This land is adjacent to a section known as Park East, which was part of the massive swaths of freeway that tore all through Milwaukee. I-43 cut through the very heart of the black community on the north side, and the Polish community on the south side. I-794 destroyed much of the Little Italy we had in the Third Ward. I’m not sure what I-94 cut through as it skirts the northern edge of the Menominee River valley, though I wonder what the folks in West Allis thought of it coming through their town. So much of Milwaukee was razed in the 1960s to build the freeways. It almost matches the countless parking ramps in the downtown.

According to the Preservation Institute, “Park East was a one mile freeway spur, left over from a more ambitious plan to develop a ring of freeways around downtown Milwaukee.” In the way that a freeway was intended to make it possible for drivers to “connect” to the downtown from their suburban homes? That’s what came to be seen as happening. Again, from Preservation Institute:

“In 1972, Mayor Henry Maier killed the rest of the project by vetoing funds for relocating utilities in the corridor. Maier emphasized the cost to the city, saying: ‘America is the only nation in the world to let her cities ride to bankruptcy on a freeway . . . . My city has discovered that the freeway is not free.’ “

Between 1972 and 1998, a portion of Park East stood, but had little traffic on it. The part that remained undeveloped stayed that way for a full twenty years. Finally, Park East was demolished between June 2002 and April 2003. The portions of it that Milwaukee County has not been in charge of redeveloping have flourished with new mixed-use commercial spaces, and the city grid has been restored, making the flow of traffic and pedestrians much more natural.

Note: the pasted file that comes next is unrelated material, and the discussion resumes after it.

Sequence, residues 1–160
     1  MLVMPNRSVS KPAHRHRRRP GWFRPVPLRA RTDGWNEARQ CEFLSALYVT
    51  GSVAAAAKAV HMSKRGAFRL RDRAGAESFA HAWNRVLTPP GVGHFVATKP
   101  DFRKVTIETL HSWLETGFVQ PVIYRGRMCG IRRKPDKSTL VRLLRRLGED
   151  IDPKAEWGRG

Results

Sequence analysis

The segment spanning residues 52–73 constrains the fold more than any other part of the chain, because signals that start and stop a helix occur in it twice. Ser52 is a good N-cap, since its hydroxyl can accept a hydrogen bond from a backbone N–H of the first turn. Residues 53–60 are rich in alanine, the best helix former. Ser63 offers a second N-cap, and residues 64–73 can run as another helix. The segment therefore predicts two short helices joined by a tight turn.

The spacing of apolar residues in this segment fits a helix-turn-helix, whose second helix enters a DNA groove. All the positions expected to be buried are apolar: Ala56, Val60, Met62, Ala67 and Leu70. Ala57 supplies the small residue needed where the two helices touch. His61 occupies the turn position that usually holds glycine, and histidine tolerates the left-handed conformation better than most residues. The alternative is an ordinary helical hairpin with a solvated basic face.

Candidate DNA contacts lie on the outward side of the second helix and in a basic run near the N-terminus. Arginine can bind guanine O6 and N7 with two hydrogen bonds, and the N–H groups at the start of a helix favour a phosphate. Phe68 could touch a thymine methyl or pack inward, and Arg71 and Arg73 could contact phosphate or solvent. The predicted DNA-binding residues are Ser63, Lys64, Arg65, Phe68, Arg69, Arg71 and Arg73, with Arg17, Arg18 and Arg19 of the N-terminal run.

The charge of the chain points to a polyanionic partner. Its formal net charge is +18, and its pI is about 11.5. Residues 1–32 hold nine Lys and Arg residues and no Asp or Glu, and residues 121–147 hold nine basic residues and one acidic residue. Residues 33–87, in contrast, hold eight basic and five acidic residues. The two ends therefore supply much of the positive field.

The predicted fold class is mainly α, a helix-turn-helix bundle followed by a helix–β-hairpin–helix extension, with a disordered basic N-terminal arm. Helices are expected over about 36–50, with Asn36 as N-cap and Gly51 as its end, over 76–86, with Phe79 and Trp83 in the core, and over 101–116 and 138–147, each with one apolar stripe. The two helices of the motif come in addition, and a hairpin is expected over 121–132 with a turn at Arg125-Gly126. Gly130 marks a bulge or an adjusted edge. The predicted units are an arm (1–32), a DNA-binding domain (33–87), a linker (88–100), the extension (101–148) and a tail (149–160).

So my point was that this land where the for-profit college is going in will be just north of the former Park East freeway land. Wow, all that just to say that? (Yes.)

• • •

Finally, there are new apartments opening at Grand Avenue’s Plankinton building. Wisconsin Avenue used to be called Grand Avenue, and it sported many great mansions built during Milwaukee’s rise as a booming port and industrial city in the 19th century. General Douglas MacArthur used to live at a hotel on Grand Avenue. And in more recent years, the Shops fo the Grand Avenue mall has had a painful decline. I remember in 1987, I went there for my first social gathering of computer geeks who had met via telecommunications—though at the time it through a chat BBS. (Can anyone tell me its name? I think it was somehow connected to MPS, but I could be mistaken. The Scoreboard and Wasteland Desert ][ were around at the time, along with the live adventure game BBS whose name also escapes me.)

Anyway, before my laptop’s battery dies after tolerating my unnecessary indulgence of prolixity—nothing a pair of scissors can’t fix!—a gradual conversion of some of the Grand Avenue mall space appears to be under way. As Daykin, who is paid not to do what I’ve done, wrote:

“With the Shops of Grand Avenue in the news lately, it’s worth noting that some new apartments recently opened in the mall’s Plankinton Arcade building.

Known as Plankinton Loft Apartments, the four new units are the result of old office space that was remodeled by developer Ken Breunig [whose investment group owns a portion of the mall’s Plankinton Arcade building]…”

Well, cool. With more and more people living downtown, I hope it comes a little more alive. It’s been looking better since I got back here in 2005, but more sure won’t hurt.

Published by Jason Haas

I am a resident of the Bay View neighborhood in Milwaukee, Wisconsin, and a member of the Milwaukee County Board of Supervisors. That sometimes comes up on here, as it's kind of a small part of my life. No official county business happens here. I'm mostly using this now to give a rough draft account of how we're dealing with the COVID-19 pandemic. God help us all.